Potassium fertilization research on soybean [Glycine max (L.) Merr.] double cropped with winter wheat (Triticum aestivum L.) is lacking. We characterized double-crop soybean response to fertilizer K across 22 Coastal Plain and Piedmont sites with and/or without wheat straw removal during 2013 to 2015. Mehlich-1 soil-K concentrations at 0- to 15- and 0- to 30-cm depths were better in explaining relative yield variability (r2 = 0.80), defining critical soil-K concentrations that ranged from 40 to 75 mg K kg–1 for 0- to 15-cm and 36 to 66 mg K kg–1 for 0- to 30-cm depths, and identifying K-deficient sites (100% accurate) than soil-K concentration at 0- to 60-cm depth (r2 = 0.48; 56% accurate). Critical soil-K concentration at 0- to 30-cm depth did not change with wheat straw management, but slightly increased at 0- to 15-cm depth when straw was removed. (continued)

      Core Ideas:
      • Soil K at 0- to 15 and 0- to 30-cm depths were excellent in predicting double-crop soybean relative yield.
      • Double-crop soybean required more fertilizer K to maximize yield than current recommendations.
      • Fertilizer-K rate can be reduced if recommendations are made based on 0- to 30-cm than 0- to 15-cm depth.
      • Double-crop yield response to fertilizer K depended on soil K but not on wheat straw management.
      • Straw management may not be an issue in recommending fertilizer K based on soil K at 0- to 30-cm depth.

      Published: November 16, 2017

    • Anna S. Williams, Md. Rasel Parvej, David L. Holshouser, William H. Frame and Mark S. Reiter
      Correlation and Calibration of Soil-Test Potassium from Different Soil Depths for Full-Season Soybean on Coarse-Textured Soils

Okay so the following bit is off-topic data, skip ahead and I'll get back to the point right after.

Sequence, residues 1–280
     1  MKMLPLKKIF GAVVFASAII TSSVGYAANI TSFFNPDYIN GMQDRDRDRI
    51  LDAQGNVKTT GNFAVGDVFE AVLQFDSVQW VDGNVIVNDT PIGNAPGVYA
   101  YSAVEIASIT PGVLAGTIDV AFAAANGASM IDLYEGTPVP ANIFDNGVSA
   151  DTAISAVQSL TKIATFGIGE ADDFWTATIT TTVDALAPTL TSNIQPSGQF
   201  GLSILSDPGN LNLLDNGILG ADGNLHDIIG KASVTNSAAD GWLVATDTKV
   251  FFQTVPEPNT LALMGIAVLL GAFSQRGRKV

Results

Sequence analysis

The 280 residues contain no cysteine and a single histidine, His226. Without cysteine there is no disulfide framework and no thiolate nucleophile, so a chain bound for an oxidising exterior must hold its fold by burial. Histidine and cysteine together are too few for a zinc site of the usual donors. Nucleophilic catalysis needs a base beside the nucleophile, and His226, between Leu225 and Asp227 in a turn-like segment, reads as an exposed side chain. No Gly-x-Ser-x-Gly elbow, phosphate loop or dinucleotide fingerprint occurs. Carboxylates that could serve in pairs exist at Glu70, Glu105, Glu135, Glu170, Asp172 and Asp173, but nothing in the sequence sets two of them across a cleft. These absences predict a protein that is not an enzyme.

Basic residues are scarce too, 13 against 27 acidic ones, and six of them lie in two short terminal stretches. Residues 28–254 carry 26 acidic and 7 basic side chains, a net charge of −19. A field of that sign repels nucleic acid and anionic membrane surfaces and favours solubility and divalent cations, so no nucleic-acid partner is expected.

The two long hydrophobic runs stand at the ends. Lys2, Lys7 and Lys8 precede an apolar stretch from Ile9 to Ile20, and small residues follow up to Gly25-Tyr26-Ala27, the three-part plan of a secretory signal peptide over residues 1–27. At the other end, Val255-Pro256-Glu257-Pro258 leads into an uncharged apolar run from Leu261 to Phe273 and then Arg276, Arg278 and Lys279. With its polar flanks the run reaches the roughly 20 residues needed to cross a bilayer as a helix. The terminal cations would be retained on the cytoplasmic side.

Quantifying soil-K availabilities at deeper depths may be necessary to determine optimum fertilizer-K rate for soybean [Glycine max (L.) Merr.] grown on low cation exchange capacity (CEC) soils that are prone to K leaching. We characterized full-season soybean response to fertilizer-K across 19 coarse-textured low-CEC sites during 2013 and 2014. Mehlich-1 soil-K concentrations at 0- to 15- and 0- to 30-cm depths better correlated with relative yield and explained 90% of relative yield variation compared to 77% for 0- to 60-cm depth. Critical soil-K concentrations were similar for relative yield, V5 plant-K concentration, and R2 leaf-K concentration, ranging from 48 to 73 mg K kg–1 for 0- to 15-cm and 41 to 63 mg K kg–1 for 0- to 30-cm depths. (continued)

      Core Ideas:
      • Soil K at 0- to 15- and 0- to 30-cm depths were excellent predictors of full-season soybean relative yield.
      • Tissue-K concentration can be used for calibrating fertilizer-K rate and in-season K management.
      • Soil sampling to 30-cm depth would reduce fertilizer amount and cost for soybean on low cation exchange capacity soils.

      Published: November 9, 2017